Calcium channel blockers (CCBs) are among the most commonly used cardiovascular drugs in the adult population. They are used to treat a broad array of clinical conditions, including hypertension, supraventricular tachycardia, vasospasm, and migraine headaches.  

Accidental over-ingestion, suicidal ingestion, and exploratory ingestion in children can all lead to severe toxicity. Therapeutic use can lead to toxicity through drug interactions with other cardiac medications or increased drug exposure because of interference with metabolism or elimination. Poisoning with these agents can have severe hemodynamic effects and be fatal.

Potassium Channel Blocker Overdose

Potassium channel blockers result in QT prolongation that can set up for ventricular arrhythmias such as Torsades de Pointes or heart block. Continuous cardiac monitoring for arrhythmia disturbances is the mainstay of management for suspected potassium channel blocker overdose.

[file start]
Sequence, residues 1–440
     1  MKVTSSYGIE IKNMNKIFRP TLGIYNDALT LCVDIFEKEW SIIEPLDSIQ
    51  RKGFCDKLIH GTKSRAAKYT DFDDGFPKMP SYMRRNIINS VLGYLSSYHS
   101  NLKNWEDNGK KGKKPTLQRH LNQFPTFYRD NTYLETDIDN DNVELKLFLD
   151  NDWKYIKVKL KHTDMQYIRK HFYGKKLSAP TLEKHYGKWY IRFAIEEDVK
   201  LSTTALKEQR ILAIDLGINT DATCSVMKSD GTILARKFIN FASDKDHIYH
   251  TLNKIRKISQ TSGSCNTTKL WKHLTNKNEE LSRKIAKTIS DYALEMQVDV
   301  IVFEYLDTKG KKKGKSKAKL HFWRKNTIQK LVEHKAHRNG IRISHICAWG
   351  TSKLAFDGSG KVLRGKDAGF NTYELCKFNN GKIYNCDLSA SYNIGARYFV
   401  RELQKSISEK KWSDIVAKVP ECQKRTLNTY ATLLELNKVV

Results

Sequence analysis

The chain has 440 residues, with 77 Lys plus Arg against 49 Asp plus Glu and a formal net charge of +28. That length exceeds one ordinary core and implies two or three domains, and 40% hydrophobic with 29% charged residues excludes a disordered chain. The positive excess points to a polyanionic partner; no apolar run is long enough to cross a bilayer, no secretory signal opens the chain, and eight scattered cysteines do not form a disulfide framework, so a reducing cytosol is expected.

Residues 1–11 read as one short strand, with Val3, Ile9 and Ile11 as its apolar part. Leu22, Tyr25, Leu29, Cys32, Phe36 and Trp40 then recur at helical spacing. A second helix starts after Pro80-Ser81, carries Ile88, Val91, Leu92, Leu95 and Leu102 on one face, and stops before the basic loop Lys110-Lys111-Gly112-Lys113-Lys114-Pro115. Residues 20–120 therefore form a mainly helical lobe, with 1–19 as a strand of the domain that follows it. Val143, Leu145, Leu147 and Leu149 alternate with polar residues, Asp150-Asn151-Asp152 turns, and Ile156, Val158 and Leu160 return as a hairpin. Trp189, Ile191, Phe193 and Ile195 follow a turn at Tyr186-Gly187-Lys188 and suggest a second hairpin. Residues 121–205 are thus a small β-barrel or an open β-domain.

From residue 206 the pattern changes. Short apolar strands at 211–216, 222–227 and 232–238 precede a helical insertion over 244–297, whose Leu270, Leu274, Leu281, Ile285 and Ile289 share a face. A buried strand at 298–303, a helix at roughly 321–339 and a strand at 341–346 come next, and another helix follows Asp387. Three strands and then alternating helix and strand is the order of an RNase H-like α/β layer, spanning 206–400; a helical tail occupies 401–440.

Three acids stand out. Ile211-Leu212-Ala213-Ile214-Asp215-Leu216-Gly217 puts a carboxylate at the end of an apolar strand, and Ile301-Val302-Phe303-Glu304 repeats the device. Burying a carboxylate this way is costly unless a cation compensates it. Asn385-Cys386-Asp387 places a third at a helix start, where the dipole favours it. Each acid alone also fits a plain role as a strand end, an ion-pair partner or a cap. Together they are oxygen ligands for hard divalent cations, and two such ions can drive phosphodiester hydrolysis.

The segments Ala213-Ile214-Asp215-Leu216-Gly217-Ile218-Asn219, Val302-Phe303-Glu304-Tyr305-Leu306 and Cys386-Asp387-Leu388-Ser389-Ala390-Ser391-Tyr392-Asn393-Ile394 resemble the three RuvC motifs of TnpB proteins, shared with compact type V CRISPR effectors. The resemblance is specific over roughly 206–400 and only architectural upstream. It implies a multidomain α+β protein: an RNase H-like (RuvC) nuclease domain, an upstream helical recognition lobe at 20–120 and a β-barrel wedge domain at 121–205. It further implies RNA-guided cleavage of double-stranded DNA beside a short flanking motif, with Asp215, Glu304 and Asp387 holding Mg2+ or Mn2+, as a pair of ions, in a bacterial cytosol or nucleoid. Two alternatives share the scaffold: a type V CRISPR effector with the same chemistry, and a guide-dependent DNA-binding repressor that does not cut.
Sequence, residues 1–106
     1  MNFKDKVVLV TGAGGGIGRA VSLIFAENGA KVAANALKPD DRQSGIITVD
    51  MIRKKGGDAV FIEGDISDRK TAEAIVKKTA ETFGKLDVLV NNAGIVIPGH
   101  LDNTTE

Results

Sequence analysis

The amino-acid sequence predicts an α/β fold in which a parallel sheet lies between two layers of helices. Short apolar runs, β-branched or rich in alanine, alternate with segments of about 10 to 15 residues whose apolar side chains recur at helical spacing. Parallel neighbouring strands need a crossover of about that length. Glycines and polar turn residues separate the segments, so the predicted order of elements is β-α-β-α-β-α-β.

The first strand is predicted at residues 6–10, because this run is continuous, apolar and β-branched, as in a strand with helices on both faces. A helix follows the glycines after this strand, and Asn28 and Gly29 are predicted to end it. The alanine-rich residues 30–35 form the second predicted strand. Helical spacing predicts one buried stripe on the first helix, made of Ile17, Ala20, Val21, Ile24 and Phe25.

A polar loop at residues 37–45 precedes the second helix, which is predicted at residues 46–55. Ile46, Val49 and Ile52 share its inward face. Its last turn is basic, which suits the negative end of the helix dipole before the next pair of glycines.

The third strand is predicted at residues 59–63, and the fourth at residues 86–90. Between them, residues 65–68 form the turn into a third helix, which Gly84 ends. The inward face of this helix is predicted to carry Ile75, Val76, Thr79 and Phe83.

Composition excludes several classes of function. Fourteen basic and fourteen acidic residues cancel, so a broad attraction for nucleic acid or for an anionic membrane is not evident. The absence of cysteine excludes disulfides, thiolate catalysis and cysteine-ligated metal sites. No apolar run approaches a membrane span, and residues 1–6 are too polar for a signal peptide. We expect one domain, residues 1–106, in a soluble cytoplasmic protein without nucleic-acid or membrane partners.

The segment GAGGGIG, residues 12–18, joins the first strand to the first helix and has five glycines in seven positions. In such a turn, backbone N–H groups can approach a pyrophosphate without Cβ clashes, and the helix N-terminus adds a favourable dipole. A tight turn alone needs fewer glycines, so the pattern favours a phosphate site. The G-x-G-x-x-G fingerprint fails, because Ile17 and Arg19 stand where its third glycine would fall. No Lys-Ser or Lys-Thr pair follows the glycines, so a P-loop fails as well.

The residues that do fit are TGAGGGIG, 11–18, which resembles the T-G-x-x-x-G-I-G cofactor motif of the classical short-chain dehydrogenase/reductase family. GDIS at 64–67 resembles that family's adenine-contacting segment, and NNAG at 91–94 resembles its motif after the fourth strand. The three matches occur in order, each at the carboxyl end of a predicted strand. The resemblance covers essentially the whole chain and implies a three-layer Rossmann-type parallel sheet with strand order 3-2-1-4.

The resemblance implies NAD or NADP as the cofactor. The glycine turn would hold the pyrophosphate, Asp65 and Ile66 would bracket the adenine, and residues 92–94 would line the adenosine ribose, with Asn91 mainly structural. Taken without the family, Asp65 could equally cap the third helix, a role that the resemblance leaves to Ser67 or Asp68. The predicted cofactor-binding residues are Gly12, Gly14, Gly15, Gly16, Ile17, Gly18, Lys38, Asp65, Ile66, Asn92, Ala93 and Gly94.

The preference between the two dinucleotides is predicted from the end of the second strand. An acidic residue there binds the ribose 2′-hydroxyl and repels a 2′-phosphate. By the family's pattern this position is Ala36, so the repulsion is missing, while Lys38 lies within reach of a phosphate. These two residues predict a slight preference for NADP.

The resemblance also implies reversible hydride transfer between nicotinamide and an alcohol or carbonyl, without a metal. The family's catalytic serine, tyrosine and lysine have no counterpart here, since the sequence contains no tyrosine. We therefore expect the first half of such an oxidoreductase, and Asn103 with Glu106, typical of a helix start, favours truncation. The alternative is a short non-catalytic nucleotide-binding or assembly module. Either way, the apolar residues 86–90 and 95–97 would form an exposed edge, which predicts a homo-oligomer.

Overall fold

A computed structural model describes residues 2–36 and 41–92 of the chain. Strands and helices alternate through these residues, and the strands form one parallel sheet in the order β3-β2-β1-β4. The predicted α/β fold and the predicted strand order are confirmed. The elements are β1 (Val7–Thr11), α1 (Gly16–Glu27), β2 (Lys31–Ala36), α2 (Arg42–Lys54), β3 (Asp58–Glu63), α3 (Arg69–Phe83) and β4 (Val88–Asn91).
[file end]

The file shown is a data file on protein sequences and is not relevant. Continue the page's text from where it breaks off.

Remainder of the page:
Magnesium should be added to prevent Torsades de Pointes

Normally necessary if QT > 500 ms (2.5 large boxes)

2 grams slow  IV / IO

Restraint Use

RSI - 2023 Update

The key difference between depolarizing and nondepolarizing neuromuscular blockers is that depolarizing neuromuscular blockers act as acetylcholine receptor agonists while nondepolarizing neuromuscular blockers act as competitive antagonists. 


The intermediate duration non-depolarizing neuromuscular blocking agents (NMBA) are believed to be better choices because;

In addition the primary induction agent is being switched from etomidate to ketamine

The Protocols

Episode Shorts

From The Episode

Dr. Singer discusses aspirin killing the brain

Caleb hammers down on fluid resuscitation

Ray discusses capnography - making it easier

Scott discusses things he often misses in peoples medicine cabniet